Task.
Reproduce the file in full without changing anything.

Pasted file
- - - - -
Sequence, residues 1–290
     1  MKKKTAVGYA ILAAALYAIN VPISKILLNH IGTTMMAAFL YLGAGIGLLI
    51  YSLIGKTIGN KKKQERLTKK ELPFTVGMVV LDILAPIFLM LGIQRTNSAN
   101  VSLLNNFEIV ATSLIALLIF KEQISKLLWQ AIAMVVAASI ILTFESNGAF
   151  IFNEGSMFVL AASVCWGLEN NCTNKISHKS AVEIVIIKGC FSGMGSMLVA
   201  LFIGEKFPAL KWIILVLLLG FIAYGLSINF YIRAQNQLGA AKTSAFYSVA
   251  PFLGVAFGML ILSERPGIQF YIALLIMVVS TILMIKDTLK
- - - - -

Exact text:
Sequence, residues 1–290
     1  MKKKTAVGYA ILAAALYAIN VPISKILLNH IGTTMMAAFL YLGAGIGLLI
    51  YSLIGKTIGN KKKQERLTKK ELPFTVGMVV LDILAPIFLM LGIQRTNSAN
   101  VSLLNNFEIV ATSLIALLIF KEQISKLLWQ AIAMVVAASI ILTFESNGAF
   151  IFNEGSMFVL AASVCWGLEN NCTNKISHKS AVEIVIIKGC FSGMGSMLVA
   201  LFIGEKFPAL KWIILVLLLG FIAYGLSINF YIRAQNQLGA AKTSAFYSVA
   251  PFLGVAFGML ILSERPGIQF YIALLIMVVS TILMIKDTLK